The collection and exchange of medical information is simpler in some ways and more difficult in others. The efforts of the Federal Government to develop and implement EHR standards will help but there is a great deal to do and the final definition and implementation of standards will take time—probably several years. Even with standards, there will be minor differences among systems developed independently by a large number of vendors that will limit the industry’s ability to exchange information and will raise questions about the quality of the data.

When a significant body of common data becomes available, pharmaceutical companies should be able to use that data to track a sample of patients using a new medication in “near real time,” perhaps within a week after a doctor sees a patient. This could provide four major benefits.

• First, regulatory agencies may give earlier approval subject to effective ongoing sampling and reporting of any adverse reactions—earlier to market.
• Second, any adverse reactions could be found early and evaluated to minimize damage to patients—minimize patient harm.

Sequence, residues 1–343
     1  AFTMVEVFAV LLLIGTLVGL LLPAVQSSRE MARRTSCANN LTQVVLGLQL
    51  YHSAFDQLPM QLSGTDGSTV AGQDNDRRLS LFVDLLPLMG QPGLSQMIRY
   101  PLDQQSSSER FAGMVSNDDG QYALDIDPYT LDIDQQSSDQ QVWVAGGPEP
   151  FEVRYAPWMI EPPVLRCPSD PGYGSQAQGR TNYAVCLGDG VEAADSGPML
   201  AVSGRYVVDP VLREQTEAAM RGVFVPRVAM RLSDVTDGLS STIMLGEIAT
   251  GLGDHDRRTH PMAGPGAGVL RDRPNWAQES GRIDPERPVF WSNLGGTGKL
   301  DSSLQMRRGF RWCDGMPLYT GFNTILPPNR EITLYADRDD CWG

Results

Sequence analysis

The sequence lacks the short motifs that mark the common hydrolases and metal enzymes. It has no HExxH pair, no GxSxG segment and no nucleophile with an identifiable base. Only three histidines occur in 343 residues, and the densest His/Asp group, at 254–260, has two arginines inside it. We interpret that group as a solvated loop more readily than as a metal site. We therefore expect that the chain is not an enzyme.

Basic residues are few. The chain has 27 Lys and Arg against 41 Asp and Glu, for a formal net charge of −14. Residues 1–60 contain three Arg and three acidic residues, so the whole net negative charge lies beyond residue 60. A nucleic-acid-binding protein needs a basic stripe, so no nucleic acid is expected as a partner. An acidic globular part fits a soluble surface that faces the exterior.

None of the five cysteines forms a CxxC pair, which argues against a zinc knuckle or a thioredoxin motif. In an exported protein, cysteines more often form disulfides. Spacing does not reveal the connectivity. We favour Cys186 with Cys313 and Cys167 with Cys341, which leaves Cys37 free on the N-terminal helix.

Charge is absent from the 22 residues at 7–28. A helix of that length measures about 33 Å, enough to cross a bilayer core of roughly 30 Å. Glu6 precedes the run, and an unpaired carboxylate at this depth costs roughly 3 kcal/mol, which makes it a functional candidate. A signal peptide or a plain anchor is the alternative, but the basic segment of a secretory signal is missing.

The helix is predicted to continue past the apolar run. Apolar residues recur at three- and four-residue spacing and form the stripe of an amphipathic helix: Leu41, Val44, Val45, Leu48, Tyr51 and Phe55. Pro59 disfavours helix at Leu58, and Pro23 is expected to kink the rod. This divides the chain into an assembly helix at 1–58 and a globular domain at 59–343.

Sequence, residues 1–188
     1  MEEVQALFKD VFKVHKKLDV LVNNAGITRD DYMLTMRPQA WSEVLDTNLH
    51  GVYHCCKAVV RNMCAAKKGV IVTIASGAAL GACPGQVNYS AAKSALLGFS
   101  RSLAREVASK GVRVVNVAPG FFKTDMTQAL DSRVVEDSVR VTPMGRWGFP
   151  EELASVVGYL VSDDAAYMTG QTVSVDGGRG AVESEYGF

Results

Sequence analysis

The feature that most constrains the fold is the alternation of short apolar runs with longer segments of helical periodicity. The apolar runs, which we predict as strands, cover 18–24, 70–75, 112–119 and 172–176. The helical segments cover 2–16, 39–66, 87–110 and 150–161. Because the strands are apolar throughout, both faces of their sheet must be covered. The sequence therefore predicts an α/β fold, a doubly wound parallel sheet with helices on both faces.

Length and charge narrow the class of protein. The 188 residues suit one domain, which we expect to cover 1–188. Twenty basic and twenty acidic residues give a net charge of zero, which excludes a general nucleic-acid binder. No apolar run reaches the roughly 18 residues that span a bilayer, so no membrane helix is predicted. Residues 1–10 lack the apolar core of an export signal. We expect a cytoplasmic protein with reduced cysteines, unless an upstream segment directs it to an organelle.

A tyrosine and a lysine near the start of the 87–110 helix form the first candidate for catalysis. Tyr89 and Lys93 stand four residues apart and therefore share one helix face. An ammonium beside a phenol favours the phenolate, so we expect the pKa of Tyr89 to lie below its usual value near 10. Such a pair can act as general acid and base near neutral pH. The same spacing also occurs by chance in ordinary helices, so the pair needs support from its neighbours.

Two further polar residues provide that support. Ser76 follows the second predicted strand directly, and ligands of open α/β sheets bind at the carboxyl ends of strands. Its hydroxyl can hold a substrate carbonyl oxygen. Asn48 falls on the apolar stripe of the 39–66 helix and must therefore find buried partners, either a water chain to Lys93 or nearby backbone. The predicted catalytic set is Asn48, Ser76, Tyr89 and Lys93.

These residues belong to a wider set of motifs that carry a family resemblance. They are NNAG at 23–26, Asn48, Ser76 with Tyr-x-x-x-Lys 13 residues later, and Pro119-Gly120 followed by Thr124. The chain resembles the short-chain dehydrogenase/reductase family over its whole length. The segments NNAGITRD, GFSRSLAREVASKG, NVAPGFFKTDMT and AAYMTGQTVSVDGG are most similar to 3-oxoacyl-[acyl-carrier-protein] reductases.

• Third, early warning could lead to examination of additional data from existing medical records of patients receiving the medication relatively quickly and at relatively low cost. This will further define the risk and whether or not there are patient, disease, or treatment conditions that create or reduce risk. It may be possible to eliminate a risk just by restricting use based on definable conditions—protection for both the patient and market value of the medication.
• Fourth, timely responses to an identified risk will make it difficult for plaintiff’s attorneys to successively demand punitive damages. Compensatory damages will be smaller and punitive damages will be smaller or non-existent—reduced legal costs.

There is enough information about current and near term EHR systems for pharmaceutical companies to develop strategies to use more and better data they will offer. The time to begin the development of those strategies is now.